VeritasPrepKarishma wrote:

Why is 6/55 incorrect? The probability of achieving the 55 cases is not the same (It's similar to the throwing two dice situation if someone has come across those questions). The probability of achieving each of the favorable 6 un-arranged cases is the same i.e. you can get each of them in 2 ways. But the probability of achieving each of the total 55 un-arranged cases is not the same. You can get (20, 21) in 2 ways but (20, 20) in only one way in the un-arranged case. Hence you cannot add them up to get the total number of cases as 55. In total number of cases, the probability of achieving each case has to be the same. In case it isn't, we need to consider the order to get all the cases. And this is the reason I do not agree with GMAT TIGER's response.

Thoughts?

Dear Karishma,

Actually, this is why I think there is a fundamental flaw in the question, because something basic about the selection process is not specified. Here's what I mean:

Interpretation AIs it correct to say, as you say, that there are two different "ways" to get, say, (20, 21) but only one "way" to get (20,20)? This leads to the 6/50 = 0.12 solution.

Interpretation BOr are we completely ignoring the "ways" to select/produce the pairs, and just saying that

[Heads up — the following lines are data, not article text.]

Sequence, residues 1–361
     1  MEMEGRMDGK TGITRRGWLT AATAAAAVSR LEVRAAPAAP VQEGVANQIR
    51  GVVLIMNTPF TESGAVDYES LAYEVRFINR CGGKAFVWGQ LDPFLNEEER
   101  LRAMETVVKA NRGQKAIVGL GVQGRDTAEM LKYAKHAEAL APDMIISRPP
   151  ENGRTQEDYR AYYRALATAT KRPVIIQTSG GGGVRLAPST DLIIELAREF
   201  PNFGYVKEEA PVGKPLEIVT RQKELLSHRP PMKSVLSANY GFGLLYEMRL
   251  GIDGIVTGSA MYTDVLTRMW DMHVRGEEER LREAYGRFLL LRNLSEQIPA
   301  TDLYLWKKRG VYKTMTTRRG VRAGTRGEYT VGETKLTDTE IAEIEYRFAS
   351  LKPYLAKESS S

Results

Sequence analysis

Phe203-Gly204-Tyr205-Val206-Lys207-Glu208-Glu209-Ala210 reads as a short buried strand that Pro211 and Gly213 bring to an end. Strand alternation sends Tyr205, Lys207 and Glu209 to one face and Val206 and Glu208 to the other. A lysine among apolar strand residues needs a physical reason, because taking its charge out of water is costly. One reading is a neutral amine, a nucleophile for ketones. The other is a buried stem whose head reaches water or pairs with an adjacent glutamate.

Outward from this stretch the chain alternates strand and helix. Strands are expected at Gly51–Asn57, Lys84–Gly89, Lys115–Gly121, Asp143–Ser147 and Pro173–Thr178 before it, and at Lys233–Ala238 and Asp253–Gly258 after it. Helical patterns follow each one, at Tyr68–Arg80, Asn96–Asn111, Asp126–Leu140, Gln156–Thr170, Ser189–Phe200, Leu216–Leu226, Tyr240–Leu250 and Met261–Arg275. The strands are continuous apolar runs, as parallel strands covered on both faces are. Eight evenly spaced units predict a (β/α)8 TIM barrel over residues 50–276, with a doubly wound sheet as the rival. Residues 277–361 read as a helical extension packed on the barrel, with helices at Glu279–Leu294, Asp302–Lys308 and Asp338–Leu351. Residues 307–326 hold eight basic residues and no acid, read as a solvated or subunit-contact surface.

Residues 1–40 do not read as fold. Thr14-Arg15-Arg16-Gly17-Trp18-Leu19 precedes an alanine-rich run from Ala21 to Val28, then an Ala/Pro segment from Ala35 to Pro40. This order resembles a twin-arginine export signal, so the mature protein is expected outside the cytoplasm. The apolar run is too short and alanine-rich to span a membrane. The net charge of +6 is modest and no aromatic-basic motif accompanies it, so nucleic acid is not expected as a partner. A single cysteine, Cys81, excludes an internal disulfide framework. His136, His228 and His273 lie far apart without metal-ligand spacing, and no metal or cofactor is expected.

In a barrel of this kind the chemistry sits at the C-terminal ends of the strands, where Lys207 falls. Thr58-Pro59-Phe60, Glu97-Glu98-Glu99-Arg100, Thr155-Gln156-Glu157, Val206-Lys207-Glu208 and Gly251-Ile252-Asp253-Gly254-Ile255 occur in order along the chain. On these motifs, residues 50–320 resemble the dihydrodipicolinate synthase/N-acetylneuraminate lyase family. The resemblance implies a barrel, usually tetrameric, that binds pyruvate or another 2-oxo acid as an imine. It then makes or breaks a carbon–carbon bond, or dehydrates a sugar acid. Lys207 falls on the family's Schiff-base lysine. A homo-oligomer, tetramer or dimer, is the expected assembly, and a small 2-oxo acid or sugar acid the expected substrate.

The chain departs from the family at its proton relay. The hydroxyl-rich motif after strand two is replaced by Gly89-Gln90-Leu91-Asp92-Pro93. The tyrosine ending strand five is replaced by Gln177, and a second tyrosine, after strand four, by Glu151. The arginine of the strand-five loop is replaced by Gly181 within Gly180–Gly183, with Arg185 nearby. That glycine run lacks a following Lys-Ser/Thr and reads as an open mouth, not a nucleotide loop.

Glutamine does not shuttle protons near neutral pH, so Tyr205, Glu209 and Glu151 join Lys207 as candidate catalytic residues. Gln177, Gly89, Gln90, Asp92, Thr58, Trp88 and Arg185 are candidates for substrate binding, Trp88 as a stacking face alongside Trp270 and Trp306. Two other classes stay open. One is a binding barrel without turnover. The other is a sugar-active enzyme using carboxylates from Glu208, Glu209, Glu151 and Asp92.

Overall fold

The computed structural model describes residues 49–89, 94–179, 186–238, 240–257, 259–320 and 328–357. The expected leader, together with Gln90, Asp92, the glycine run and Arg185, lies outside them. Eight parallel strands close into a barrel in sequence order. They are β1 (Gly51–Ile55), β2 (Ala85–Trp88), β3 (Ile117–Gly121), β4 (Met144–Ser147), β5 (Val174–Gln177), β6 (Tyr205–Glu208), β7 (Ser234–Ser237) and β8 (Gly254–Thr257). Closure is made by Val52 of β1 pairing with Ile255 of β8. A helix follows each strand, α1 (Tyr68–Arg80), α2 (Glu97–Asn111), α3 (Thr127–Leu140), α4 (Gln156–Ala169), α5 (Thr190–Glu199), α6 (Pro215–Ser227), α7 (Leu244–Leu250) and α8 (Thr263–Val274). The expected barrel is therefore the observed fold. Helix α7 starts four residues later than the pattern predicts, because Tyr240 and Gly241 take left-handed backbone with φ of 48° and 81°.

all the resultant pairs are equally likely? In this case, we have 55 equally likely pairs, and the solution is 6/55.

The question does say: "

The numbers are selected independently of each other"

The way I understood this: To say A and B are truly independent is to say ---

If I tell you how A turns out, that gives you absolutely no information about how B turns out. (This is one of many ways to understand the idea of independence.)

Well, if we are told that one of the numbers selected is, say, 24, then in order for that to give us absolutely no information about what the other number is, it must mean that all numbers, including a second 24, are equally likely. This would occur only in Interpretation B, not Interpretation A. In interpretation A, if we are told one of the number is 24, then a second 24 would be half as likely as any other number.

If you think of Interpretation A, and the associated 10 x 10 square of possibilities, a cross-shape of 19 squares constitutes the space of "

one number is 24". Within that cross-shape of 19 spaces, each other number has a probability of 2/19 of being paired with 24, but the second 24 has a probability of 1/19 of being paired with the first 24.

In Interpretation B, and the associated right triangle of 55 spaces, there's a rotated-L shape of 10 squares that contain at least one 24, and all the the numbers paired with 24, including the second 24, are equally likely. That's how I conceived of the independence in this situation.

Of course, there are other ways to frame the idea of independence, some of which I readily believe could be used to justify Interpretation A. That's precisely why I suspect there's a flaw in the question. What do you think?

Mike

_________________

Mike McGarry

Magoosh Test Prep